As faith in the Establishment wanes, Bible skeptics are declining

Recent evidence paints a simple message of good news and hope…

A website has published an infographic that explains that Americans’ trust in media is at an all-time low of 32%. Not only that, but their trust in government, business, and non-governmental organizations, like the United Nations, is down across the board.

The rise of the Internet and social media has fragmented the sources of news that people turn to. In the early days of television, there were three: ABC, CBS, and NBS. That’s because they had enough money to license the airspace from the FCC. A handful of rich people could send a unified message to millions of people. They controlled the message. They were unified in their worldview: liberal, pro-big-government, anti-free-market.

Yet now, with news sites popping up all over the internet, their message is being undermined. Conservative news sites undermine their stories and perspective. In response, they scream “fake news!” Every time they do, Trump sends a tweet to his 27 million followers reminding them all that the liberal New York Times is failing.


Spengler was ahead of his time.

In the 1984 film Ghostbusters, their recently hired secretary, Janine, tries to strike up a conversation with brainiac Egon. She tells him he must like to read a lot. His response is classic:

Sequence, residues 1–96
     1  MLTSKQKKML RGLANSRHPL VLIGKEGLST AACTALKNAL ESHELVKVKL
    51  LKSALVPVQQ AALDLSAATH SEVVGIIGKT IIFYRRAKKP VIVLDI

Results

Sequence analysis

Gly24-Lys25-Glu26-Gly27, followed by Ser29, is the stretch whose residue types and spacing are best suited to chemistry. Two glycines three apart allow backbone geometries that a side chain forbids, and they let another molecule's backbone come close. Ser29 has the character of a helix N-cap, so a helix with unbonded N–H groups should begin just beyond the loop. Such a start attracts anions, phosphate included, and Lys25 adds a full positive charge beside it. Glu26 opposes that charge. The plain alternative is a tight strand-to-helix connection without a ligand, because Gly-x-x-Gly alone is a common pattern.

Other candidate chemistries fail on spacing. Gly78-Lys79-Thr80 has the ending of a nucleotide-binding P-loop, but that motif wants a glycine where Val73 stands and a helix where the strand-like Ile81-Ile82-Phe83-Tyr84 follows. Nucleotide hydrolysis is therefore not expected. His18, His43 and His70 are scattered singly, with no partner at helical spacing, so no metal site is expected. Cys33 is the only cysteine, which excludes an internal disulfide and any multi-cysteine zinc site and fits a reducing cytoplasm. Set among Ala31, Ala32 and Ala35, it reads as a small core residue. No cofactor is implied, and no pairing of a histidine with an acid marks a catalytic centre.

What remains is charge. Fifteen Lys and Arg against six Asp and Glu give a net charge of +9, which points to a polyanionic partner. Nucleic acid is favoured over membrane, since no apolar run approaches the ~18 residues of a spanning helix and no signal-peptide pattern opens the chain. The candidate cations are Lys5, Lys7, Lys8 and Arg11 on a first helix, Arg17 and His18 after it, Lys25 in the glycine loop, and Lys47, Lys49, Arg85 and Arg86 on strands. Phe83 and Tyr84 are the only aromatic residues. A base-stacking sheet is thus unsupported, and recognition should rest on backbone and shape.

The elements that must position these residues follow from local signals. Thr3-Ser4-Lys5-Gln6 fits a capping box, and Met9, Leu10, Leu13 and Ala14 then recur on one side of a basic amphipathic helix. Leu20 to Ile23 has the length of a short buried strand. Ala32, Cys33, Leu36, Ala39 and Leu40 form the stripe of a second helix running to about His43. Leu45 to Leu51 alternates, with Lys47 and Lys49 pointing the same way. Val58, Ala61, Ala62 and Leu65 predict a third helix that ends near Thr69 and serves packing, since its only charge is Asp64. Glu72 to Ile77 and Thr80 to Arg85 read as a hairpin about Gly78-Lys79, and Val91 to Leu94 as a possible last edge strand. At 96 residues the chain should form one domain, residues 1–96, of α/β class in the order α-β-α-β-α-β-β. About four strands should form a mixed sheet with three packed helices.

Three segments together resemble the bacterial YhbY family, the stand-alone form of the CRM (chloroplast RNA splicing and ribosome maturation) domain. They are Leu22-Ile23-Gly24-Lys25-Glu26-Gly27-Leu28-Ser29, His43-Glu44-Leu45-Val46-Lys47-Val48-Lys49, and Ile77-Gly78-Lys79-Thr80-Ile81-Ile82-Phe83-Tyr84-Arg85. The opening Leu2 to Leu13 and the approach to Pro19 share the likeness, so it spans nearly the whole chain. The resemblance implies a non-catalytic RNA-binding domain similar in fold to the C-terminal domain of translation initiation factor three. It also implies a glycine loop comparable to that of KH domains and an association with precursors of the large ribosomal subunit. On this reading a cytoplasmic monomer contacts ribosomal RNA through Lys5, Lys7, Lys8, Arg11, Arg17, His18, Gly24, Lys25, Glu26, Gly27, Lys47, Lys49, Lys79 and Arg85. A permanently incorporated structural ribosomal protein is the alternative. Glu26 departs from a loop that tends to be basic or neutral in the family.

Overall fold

“The Establishment” refers to the elite group of people that holds power in a nation, or even in the world. We all know Washington and politics are dominated by the intellectual elite and wealthy. The Framers built in a provision that the President must be paid a salary because, if the job came without compensation, perhaps only the richest men in the world would take the job. That would forever keep it beyond the grasp of the little man.

But, given the way Washington is run in our modern era, we all know that only very privileged people even have a chance at becoming President. Harvard, Yale, Princeton, Columbia, Stanford — these are the names of the colleges and universities that have graduated the most presidents. Most people will never attend any of them.

But since the elite are few, and the masses are many, they need a mechanism for getting their message out. Until the rise of the Internet, mass media has been a good way to do that. J.P. Morgan was one of the richest men in America in the 1890s thanks to his banking empire. When The New York Times almost went bankrupt in 1896, Morgan became the financier of its replacement owner, Adolph Ochs, who purchased the paper.

It was Ochs who added the Times‘ masthead: “All the News That’s Fit to Print.” He grew its readership from 9,000 in 1896 to 780,000 by the 1920s. And behind it all was J.P. Morgan, who was also in control of General Electric, Westinghouse, and had been pivotal in conspiring to get the Federal Reserve Act drafted and passed in 1913.


Now, trust in mass media is at an all-time low. It’s never coming back. For people who look to politics and government for salvation, Trump’s presidency has been a huge blow to their faith. The little people, who outnumber the Establishment, sent a message to the liberal elite in the election of 2016.

But there’s a silver lining…

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